Five music venues along Austin’s downtown Red River Cultural District have earned the right to host live music later into the night following the success of a recent pilot program.

To address the skyrocketing rents faced by the district’s live music venues, the city in May initiated a pilot program to allow five venues to extend their outdoor live music curfews by one hour between Thursday and Saturday nights. The extra hour aimed to increase sales, helping venue owners to pay rents and provide higher compensation to local artists.

City leaders, venue owners and residential neighbors lauded the pilot as a success. On Thursday, Austin City Council voted unanimously to solidify the pilot program into ordinance.

The Mohawk, Cheer Up Charlie’s, Stubb’s BBQ, The Sidewinder and Empire Control Room and Garage— can now host live music outdoors until midnight on Thursday nights and 1 a.m. on Friday and Saturday nights.

The city staff report on the program showed fairly consistent year-over-year increases in alcohol sale revenue. There were also year-over-year increases in ticket sales, the amount paid to staff, the amount of local acts and amount paid to local acts.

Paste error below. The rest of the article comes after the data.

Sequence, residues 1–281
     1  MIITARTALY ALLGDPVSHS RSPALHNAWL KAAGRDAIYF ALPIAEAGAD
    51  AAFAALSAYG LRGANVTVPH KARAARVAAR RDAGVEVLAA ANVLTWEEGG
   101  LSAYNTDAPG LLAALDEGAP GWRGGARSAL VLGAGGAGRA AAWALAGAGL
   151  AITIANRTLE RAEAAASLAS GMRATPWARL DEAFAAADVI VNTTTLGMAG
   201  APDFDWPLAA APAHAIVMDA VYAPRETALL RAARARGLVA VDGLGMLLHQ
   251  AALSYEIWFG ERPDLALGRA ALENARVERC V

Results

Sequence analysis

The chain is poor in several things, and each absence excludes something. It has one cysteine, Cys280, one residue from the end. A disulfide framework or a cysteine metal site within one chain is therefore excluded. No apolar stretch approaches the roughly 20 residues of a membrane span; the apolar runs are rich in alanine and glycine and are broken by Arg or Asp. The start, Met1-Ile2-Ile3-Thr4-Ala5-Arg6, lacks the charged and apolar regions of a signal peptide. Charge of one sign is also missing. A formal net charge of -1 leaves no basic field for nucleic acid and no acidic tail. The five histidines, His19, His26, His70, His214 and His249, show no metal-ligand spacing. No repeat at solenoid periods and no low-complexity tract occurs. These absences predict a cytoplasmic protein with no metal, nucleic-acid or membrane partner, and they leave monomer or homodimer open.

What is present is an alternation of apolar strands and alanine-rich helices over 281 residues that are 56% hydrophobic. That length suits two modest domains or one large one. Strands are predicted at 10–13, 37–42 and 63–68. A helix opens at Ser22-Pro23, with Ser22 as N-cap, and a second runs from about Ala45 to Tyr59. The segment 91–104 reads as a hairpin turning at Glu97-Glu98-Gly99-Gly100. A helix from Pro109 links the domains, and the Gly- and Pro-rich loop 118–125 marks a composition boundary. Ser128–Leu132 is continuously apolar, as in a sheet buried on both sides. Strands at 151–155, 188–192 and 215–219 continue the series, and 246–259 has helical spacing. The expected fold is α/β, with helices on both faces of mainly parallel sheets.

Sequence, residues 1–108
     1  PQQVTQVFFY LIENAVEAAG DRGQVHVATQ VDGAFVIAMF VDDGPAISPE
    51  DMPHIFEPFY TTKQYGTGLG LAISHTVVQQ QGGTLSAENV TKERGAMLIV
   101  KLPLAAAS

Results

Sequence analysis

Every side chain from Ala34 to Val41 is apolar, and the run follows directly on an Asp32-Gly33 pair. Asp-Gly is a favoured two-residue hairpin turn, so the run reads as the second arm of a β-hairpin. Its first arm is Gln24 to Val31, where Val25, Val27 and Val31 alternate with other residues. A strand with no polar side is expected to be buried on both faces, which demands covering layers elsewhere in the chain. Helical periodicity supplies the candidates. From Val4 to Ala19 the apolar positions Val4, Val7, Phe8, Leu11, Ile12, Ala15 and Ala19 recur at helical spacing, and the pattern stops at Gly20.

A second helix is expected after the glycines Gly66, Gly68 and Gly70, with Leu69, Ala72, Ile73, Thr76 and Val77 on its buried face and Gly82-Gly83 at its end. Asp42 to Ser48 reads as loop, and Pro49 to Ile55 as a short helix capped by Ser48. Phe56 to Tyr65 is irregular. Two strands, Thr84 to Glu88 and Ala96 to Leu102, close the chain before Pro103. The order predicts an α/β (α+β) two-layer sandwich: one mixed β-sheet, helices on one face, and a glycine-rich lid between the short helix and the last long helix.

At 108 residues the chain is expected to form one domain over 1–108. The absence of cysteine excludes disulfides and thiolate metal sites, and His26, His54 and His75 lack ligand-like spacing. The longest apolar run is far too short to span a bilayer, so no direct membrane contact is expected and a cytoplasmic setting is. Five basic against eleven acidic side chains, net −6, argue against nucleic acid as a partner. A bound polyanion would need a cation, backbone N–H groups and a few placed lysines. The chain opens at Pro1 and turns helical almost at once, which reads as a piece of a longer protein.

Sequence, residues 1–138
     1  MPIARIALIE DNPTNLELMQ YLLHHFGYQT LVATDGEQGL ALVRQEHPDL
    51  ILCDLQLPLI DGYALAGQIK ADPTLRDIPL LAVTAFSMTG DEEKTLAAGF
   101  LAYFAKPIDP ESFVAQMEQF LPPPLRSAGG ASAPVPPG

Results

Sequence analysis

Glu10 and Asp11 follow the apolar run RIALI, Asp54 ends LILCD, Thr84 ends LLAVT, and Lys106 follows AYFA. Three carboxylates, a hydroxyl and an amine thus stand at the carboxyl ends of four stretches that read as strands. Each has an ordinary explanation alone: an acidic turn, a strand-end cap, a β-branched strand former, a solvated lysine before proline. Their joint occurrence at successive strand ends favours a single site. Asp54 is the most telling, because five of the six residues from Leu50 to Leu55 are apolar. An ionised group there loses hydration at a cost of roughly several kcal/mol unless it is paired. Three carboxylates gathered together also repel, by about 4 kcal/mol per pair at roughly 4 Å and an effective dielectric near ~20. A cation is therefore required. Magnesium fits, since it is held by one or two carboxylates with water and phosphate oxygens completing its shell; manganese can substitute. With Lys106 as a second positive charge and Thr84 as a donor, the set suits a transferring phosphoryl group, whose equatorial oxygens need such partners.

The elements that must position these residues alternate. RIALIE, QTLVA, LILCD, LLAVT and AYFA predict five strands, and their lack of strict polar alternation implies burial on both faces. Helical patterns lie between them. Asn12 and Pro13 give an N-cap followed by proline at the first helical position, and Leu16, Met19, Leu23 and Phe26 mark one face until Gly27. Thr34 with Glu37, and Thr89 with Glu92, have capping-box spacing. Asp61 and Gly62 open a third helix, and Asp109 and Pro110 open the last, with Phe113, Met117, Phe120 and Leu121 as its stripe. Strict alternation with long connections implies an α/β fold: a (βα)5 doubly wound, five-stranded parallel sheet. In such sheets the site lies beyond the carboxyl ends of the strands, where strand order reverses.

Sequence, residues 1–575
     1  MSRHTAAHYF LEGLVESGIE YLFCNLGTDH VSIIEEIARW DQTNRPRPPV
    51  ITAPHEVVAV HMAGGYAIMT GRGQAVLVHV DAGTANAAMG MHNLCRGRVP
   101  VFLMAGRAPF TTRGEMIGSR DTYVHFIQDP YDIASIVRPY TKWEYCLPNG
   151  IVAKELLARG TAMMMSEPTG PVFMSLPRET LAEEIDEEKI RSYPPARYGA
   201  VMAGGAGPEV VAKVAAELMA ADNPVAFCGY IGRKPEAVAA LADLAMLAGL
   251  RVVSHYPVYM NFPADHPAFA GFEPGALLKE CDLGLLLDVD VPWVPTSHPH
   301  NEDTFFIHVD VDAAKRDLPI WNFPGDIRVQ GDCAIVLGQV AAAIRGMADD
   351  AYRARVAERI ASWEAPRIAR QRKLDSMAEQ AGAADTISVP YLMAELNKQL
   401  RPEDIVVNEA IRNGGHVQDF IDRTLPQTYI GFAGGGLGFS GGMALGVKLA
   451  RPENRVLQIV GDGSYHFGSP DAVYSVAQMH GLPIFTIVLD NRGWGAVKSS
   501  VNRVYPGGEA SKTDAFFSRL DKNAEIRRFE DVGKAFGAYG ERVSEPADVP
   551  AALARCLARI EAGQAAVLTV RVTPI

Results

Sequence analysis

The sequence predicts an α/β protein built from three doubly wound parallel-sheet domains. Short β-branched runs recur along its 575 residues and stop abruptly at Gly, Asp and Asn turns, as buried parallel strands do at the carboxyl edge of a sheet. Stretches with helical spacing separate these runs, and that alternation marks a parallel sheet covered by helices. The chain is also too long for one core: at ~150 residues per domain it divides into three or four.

While working to increase revenue for the venues, the program—now ordinance—also revamps the city’s sound monitoring process to ensure the extended live music hours do not impact the quality of life for nearby residential neighborhoods. City staff said stakeholder meetings would occur four times annually to ensure compliance and to discuss ways to enhance the program.

Austin Mayor Steve Adler said the issue of live music and neighborhoods has been a point of contention for decades and the ordinance represented the first substantial progress made in the issue.

Ryan Garrett, general manager of Stubb’s BBQ, said the new ordinance would continue to pay dividends for venues, artists and the local music scene.

A city report noted that crime incidents increased during the time of the program. However, Austin Police Department Assistant Chief Justin Newsom said there was no correlation between crime and the pilot program. Rather, police presence increased in the area, thus increasing the number of incidents of police intervention.